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Why is the FTC AWOL on Google Privacy?

Congress needs to conduct oversight hearings to learn why the FTC is apparently giving Google special treatment, and more specifically why the FTC inexplicably dropped its Google StreetView spi-fi privacy probe without any charges, before it even learned all the facts, and without any accountability mechanism in place to protect consumers or prevent repeat violations.

Google's wanton wardriving in 33 countries for over three years secretly recording people's WiFi transmissions, including full emails and passwords, arguably is the single broadest privacy breach in the Internet era. And the FTC did nothing. And the FTC sees no need for any further action. Amazing.

What's wrong with this picture? A lot. A better question might be what's right with the FTC-Google privacy enforcement picture?

 

  • How could Google convince the FTC to immediately and completely drop its investigation, just after publicly admitting that Google had misrepresented central facts of the case and misled investigators with false "assurances" from the beginning of the investigation, when this newly admitted deceit by Google prompts the FTC's enforcement peers -- 38 states and multiple countries (Canada, Spain, Germany, UK, etc.) -- to investigate deeper to discover what else they were misled about?
    • Why is the FTC such an outlier in ignoring Google's repeat deception when the instincts of most every other prosecutor or regulator is to dig deeper to discover what else Google has been lying about?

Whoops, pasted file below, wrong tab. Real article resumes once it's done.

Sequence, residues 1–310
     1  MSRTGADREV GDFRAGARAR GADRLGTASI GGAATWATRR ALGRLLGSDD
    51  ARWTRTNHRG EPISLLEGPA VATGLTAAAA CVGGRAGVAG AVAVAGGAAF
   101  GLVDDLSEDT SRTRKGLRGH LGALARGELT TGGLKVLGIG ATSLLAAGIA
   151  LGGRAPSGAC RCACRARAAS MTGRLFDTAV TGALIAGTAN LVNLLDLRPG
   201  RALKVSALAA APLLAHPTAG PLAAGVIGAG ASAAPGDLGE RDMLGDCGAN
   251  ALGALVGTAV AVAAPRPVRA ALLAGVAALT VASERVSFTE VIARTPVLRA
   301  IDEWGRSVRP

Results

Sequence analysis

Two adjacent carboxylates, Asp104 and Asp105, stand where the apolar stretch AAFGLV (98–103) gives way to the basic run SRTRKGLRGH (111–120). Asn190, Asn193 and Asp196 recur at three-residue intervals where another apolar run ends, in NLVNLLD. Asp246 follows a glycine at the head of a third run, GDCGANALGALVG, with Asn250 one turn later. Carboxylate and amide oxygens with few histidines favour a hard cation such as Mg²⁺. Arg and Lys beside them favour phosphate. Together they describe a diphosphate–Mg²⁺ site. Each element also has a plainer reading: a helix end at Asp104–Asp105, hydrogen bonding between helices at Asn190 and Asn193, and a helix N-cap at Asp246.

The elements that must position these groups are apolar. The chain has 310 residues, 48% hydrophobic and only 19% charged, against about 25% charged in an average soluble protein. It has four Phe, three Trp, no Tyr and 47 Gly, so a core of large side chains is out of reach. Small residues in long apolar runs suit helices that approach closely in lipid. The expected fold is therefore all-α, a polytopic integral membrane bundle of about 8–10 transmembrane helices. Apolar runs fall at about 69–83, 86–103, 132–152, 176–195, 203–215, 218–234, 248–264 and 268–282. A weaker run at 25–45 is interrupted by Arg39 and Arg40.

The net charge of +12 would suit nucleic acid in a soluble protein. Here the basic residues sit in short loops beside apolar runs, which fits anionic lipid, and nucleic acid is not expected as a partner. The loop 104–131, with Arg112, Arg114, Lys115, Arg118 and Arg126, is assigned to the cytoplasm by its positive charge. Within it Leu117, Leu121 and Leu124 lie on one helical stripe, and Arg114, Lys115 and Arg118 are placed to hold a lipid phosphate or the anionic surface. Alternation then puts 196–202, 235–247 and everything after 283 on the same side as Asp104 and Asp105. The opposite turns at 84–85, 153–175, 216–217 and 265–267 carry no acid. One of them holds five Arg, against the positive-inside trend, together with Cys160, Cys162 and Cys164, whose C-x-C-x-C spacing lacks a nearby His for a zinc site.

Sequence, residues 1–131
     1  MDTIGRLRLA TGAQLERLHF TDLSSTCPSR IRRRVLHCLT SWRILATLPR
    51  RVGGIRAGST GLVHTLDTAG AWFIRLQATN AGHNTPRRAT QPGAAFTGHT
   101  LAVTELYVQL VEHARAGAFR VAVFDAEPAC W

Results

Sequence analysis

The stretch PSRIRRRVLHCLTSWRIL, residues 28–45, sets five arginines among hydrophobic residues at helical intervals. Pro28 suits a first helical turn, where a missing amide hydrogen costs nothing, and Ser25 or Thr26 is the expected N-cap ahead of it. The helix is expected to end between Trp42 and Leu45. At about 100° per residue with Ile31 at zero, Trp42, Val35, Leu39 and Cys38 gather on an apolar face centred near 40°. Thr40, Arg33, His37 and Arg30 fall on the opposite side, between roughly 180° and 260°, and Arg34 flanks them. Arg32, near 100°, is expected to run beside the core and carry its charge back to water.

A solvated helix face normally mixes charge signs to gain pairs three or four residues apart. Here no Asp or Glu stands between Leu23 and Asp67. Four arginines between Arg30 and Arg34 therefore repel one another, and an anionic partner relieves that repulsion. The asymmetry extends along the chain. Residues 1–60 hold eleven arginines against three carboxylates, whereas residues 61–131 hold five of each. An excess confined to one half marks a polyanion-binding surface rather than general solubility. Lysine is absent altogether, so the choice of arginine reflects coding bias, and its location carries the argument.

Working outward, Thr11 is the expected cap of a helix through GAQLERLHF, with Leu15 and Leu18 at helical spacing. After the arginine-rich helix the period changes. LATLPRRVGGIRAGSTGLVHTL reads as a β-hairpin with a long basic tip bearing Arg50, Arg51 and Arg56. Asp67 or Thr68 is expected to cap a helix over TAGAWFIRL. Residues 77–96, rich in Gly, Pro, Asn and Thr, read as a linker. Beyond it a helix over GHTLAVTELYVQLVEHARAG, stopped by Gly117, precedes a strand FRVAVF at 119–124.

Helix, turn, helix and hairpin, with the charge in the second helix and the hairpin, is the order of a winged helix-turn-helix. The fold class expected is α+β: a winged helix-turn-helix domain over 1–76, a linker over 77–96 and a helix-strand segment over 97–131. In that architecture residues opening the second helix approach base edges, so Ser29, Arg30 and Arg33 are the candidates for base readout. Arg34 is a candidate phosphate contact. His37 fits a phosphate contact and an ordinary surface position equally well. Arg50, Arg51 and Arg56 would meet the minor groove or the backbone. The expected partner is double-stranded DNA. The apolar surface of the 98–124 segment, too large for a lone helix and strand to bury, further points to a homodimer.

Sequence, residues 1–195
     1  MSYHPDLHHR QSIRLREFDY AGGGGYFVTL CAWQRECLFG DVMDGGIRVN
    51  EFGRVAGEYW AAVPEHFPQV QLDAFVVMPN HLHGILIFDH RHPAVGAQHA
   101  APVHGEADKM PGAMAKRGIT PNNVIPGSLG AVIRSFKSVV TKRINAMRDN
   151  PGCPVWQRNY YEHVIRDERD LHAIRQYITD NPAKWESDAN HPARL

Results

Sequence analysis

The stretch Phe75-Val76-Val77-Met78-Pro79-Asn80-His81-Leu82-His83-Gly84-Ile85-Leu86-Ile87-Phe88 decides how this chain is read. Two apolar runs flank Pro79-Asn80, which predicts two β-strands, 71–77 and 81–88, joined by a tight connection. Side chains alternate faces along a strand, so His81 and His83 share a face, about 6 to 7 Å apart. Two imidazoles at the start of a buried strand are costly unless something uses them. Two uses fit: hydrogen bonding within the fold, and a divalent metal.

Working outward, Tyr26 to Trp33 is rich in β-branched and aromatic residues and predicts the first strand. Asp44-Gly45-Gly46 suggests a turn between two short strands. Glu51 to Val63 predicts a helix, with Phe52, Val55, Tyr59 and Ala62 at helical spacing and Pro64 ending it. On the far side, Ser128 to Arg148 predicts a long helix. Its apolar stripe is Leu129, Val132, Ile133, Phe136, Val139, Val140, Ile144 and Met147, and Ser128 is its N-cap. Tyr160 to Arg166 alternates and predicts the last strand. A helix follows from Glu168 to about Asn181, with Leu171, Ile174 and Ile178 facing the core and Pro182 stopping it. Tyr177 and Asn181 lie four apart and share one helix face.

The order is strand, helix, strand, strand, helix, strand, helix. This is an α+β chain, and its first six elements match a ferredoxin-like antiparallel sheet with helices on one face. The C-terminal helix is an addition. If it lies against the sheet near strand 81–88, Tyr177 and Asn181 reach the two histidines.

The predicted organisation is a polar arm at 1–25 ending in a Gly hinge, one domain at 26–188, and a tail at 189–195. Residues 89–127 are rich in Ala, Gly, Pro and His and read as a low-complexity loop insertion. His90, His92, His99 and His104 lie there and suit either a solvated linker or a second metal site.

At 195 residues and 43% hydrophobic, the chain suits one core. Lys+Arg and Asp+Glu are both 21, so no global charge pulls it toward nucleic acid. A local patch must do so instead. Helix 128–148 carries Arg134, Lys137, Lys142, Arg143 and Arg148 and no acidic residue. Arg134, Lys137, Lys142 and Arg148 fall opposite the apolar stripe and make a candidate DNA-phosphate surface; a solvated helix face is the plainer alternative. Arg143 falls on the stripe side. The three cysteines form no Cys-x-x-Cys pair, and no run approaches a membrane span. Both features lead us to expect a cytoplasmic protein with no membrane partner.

• Why is the FTC so eager to protect Google more than consumers?
    • Why is the FTC brushing this under the rug?
      • Does Google's work for U.S. spy agencies and/or its exceptional political closeness with the Administration somehow warrant Google a free pass on privacy breaches?
      • In other words, is Big Brother Government secretly colluding with Big Brother Inc. to surveil everyone without permission or accountability?
  • Why did the FTC send a letter to Google's lawyer, and not to Google directly?
    • Why was the FTC not open and transparent in explaining to American consumers in a public statement why Google's much publicized privacy breach was not a privacy problem for consumers, and why specifically the FTC is so confident that there is no going forward risk here with no FTC oversight or enforcement deterrent?
  • Why is the FTC accepting blogged "assurances" from Google, when the FTC officially charged other companies with privacy wrongdoing and required ongoing FTC oversight of those company's practices?
    • What is the FTC's justification for a giving Google a free pass, when in similar circumstances, the FTC officially charged Twitter, a mortgage lender, Sears, or CVS Caremark?
    • If there are special circumstances that warrant Google different enforcement latitude than others, the FTC should explain them publicly to Congress so it is clear that the FTC is enforcing the rule of law and enforcing the law fairly.
  • Why would the FTC accept Google's "assurances" with no accountability mechanism, when "assurances" from Goldman Sachs, BP, Wall Street Banks, mortgage lenders, auto companies, etc. are not enough for the Administration?
    • What makes Google special that warrants it special treatment under the law?